The Treasury got significant buy-in from the exchange it made yesterday, even above what was expected by investors. In total, it refinanced the debt for $4.3 trillion, which will now be transformed into new peso securities maturing in 2024 and 2025. The result has allowed the government to shed the heavy backpack represented by the millionaire maturities of the second quarter, since which managed to liquidate 61.5% of the total maturities in pesos.
The result of the operation allows the government to get some air and get rid of a problem that has worried the markets for months, linked to the strong accumulation of debt maturities in local currency. Security holders had resisted buying debt that matures beyond June, due to fears generated by PASO and the memory of what happened in 2019.
By significantly reducing the volume of debt maturing in the second quarter, which until this operation exceeded 6,000 billion pesos, the risks of such a concentration are considerably minimized. The possibility of a “reprofiling” of the debt is practically excluded, while the issuance of pesos by the Central Bank is also minimized to buy securities from holders who do not wish to refinance in the coming months.
For debt that matures in the short term and has not been swapped, the economy ministry said bidding would continue as it happens every month. Most likely, it will persist with short-term debt, but it will slowly overcome the August “wall”. In other words, an attempt will be made to induce banks, companies and individuals who hold securities in pesos to buy debt that matures beyond the primary elections.
The significant result obtained at the exchange will facilitate the refinancing of the debt that did not enter the coming months with fewer shocks. Moreover, it reduces the need for monetary issuance, which favors Argentina’s relations with the IMF.
Indirectly, the swap is also good news for Argentina’s relationship with the IMF, by reducing an important factor in the expansion of the quantity of money. Last year, for example, the crisis that affected local currency debt involved the issuance of 2 trillion pesos between June and July. This strong turbulence, which also had an impact on the foreign exchange market, led to the sudden departure of Martín Guzmán from the Ministry of Economy.
From the Ministry of Economy, they pointed out that the greatest participation was concentrated in banks and in the public sector, since between the two they entered with 85% of their holdings in the stock market. It was also detailed that state bodies such as the BCRA itself, ANSES (through the Guarantee and Sustainability Fund) and Banco Nación accounted for 34% of the total eligible securities, a much lower percentage than the two exchanges which had been done previously.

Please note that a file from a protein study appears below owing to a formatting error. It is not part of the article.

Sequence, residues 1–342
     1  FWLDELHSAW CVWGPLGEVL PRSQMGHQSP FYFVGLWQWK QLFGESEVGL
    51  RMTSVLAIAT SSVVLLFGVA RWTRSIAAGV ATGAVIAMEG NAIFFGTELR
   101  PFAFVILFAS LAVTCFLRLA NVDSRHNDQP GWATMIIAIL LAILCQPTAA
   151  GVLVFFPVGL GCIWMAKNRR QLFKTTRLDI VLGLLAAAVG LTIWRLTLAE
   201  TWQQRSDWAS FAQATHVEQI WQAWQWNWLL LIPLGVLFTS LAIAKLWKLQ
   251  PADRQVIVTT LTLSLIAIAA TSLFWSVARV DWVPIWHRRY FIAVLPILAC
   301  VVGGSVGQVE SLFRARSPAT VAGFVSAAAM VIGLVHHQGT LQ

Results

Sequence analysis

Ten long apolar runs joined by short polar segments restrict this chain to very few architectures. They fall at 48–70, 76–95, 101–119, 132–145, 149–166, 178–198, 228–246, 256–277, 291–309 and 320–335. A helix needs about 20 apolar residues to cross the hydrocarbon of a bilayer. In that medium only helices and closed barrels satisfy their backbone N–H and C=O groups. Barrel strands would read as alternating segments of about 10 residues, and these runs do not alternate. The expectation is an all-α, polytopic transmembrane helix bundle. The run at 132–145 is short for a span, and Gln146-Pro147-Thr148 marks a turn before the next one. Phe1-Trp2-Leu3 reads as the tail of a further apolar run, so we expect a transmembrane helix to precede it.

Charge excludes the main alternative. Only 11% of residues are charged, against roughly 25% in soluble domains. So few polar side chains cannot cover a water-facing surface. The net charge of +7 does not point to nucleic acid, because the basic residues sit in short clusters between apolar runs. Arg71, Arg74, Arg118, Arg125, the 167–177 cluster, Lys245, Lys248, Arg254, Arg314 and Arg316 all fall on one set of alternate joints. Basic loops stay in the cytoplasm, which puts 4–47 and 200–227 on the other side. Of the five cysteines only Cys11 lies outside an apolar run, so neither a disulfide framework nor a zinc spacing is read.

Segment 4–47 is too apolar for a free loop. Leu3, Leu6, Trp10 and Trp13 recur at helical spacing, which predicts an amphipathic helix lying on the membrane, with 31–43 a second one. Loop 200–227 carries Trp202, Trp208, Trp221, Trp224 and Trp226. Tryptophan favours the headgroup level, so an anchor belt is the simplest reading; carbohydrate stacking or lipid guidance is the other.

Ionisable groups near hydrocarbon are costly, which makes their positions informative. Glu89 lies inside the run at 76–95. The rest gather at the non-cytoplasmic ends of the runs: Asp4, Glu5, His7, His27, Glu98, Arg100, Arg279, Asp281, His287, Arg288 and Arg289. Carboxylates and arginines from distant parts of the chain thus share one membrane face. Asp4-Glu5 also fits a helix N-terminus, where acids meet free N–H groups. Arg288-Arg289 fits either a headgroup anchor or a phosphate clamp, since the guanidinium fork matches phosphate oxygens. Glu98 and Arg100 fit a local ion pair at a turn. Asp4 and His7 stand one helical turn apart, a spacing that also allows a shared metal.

The share contributed by other players, such as UCITS or corporate cash, was much smaller. In these cases, it is much more difficult to significantly extend the duration of the bonds they hold in their portfolio.
“All the actors – they indicated from the Palace of the Treasury through a press release – agreed on the relevance of this operation, since it contributes to smoothing the profile of the maturities of the debt of the Treasury, to reduce the uncertainty and improve financing conditions”.
After this result, Sergio Massa still has the main challenge months before the elections: the extreme scarcity of foreign exchange due to the drought and its brutal impact on harvests. The new Grain Market and CREA calculations already mark a sharp increase in the expected loss compared to the last campaign, which could even approach $25,000 million. The drought is already expected to be even worse than that of 2009.
Netting maturities in local currency relieves the dollar, which is essential in this context. However, the sharp decline in farm gate sales as harvest returns will be a huge challenge in the months leading up to the election. It will not be easy to contain the pressure on the various exchange rates, as evidenced by the continuous sales that the Central makes daily to avoid a jump in the official dollar.
For now, an even more rigid exchange rate is expected in the coming months. There will be greater restrictions on imports and a strong impact on economic activity, which in recent months has already shown clear signs of entering recession, which could worsen in the coming months.
Melissa Galbraith is the World News reporter for Globe Live Media. She covers all the major events happening around the World. From Europe to Americas, from Asia to Antarctica, Melissa covers it all. Never miss another Major World Event by bookmarking her author page right here.
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